Our next stop was to the home and shop of Jonathan Browning. If you have ever heard of the Browning shotguns or rifles, they got their start right there in Nauvoo. A recreation of his shop contained all the working tools of his trade. Several vintage firearms are on display. Browning went west to Utah when the Mormons left Nauvoo.

I am aware of the alleged similarities between our Masonic ritual and the Mormon practices. Joseph Smith the LDS founder was a Freemason. This short video, produced by the LDS Church talks about the role of Joseph Smith and Freemasonry.

The historical connections of our fraternity to the world around us seem to be endless. I enjoy learning this history and about those who came before us.


WB Gregory J. Knott is the Worshipful Master of Ogden Lodge No. 754 in Ogden (IL) and a plural member of St. Joseph Lodge No. 970 (IL), Homer Lodge No. 199 (IL) and Naval Lodge No. 4 in Washington, DC.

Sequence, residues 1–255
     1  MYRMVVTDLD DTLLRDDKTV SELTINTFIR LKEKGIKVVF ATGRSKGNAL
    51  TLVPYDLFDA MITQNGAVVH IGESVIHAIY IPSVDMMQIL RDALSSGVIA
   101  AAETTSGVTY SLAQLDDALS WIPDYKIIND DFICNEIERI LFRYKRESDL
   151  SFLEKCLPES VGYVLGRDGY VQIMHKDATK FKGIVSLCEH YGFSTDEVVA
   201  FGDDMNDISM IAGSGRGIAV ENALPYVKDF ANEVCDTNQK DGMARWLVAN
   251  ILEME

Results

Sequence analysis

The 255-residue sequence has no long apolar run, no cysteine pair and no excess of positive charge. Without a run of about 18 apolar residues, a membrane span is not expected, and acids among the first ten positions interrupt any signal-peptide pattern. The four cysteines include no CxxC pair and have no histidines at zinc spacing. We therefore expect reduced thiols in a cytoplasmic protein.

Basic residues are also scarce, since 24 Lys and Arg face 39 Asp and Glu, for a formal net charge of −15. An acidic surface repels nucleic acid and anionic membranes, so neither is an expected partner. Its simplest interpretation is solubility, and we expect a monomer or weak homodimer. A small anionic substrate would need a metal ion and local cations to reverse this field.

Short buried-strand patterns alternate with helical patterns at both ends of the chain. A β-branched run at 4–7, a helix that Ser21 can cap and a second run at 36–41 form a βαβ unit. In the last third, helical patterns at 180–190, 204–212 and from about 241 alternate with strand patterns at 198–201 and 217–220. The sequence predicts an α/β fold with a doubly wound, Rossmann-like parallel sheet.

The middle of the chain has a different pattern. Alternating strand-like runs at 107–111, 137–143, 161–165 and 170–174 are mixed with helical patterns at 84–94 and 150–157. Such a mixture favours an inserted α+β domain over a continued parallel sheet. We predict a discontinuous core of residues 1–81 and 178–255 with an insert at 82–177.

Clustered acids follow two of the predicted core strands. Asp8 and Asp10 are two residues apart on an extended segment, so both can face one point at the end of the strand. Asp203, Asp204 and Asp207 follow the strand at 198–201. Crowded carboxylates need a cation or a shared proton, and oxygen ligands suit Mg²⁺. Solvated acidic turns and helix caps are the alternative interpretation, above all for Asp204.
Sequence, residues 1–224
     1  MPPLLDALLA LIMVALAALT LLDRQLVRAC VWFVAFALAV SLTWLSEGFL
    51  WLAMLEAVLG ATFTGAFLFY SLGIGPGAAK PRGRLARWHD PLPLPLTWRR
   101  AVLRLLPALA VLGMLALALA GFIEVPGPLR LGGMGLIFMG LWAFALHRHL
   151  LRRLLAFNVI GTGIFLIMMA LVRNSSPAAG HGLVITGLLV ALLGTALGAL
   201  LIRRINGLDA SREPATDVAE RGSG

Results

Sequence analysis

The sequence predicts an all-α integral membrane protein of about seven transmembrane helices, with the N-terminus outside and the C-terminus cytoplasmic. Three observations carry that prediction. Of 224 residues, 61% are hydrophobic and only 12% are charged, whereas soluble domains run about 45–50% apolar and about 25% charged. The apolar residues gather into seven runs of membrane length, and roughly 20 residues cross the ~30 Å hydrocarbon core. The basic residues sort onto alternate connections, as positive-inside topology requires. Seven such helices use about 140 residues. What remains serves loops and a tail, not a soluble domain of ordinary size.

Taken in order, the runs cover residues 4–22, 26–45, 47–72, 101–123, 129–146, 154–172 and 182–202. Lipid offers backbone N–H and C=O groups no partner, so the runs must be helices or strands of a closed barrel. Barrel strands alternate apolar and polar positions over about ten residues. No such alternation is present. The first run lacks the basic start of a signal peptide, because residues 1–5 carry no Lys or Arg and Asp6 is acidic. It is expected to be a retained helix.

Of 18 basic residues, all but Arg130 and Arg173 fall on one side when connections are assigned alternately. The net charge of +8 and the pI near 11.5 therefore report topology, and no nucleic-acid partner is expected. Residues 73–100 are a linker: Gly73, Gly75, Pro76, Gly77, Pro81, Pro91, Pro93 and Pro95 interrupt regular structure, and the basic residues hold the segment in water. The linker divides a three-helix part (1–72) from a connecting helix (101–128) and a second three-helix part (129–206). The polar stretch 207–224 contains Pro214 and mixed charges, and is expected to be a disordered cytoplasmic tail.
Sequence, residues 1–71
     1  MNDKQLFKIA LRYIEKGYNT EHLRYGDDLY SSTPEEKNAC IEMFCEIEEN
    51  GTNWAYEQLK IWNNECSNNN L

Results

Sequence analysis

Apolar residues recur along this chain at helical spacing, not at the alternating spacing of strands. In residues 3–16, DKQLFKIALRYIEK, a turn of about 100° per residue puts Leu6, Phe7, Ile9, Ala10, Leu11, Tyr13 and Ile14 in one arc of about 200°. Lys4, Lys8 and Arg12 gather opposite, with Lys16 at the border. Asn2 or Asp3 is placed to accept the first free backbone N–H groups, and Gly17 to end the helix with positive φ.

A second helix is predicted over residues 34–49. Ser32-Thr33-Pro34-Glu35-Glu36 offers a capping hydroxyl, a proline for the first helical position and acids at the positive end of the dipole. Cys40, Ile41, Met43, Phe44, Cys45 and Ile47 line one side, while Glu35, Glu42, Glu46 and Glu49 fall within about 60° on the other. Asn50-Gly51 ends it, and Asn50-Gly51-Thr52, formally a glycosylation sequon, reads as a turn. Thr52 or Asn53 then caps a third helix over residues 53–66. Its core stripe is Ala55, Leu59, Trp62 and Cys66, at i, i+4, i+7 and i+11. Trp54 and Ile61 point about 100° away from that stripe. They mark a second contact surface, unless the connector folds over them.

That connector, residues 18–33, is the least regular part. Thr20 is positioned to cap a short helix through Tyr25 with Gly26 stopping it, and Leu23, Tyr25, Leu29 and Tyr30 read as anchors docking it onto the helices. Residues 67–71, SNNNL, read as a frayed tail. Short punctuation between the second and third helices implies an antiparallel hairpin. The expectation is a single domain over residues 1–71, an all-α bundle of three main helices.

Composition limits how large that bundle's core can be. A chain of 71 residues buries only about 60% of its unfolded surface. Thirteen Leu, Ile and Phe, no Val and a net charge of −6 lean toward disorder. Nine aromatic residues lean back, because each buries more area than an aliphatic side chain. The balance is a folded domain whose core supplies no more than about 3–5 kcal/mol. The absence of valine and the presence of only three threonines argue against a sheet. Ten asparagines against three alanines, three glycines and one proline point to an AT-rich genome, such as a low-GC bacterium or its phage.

King Solomon’s Pass: A Digital Addition to Your Dues Card

by Midnight Freemason Contributor
Robert H. Johnson

It’s no secret that the Craft often moves slowly. “No innovation in Freemasonry!” is our standard platitude for those less "forward-thinking", and as an organization led by representative, deliberative bodies loosely organized in a decentralized network of mutual recognition, even truly great ideas take a long time to become generally accepted. So long, sometimes, that they die on the vine. This is a shame.

A closer look at the history of Freemasonry, however, shows innovation at nearly every turn. The core principles of the Craft have remained stable while trestleboards gave way to paper newsletters and then to email updates. Candles became oil lights, and Lodges are now lit with electricity. Even our ritual--still best learned mouth to ear--has long been committed to paper and is quickly moving to secure digital formats. In Illinois, our Constitution and Bylaws restrict us from using a "Stereopticon", meanwhile digital projectors are all the rage.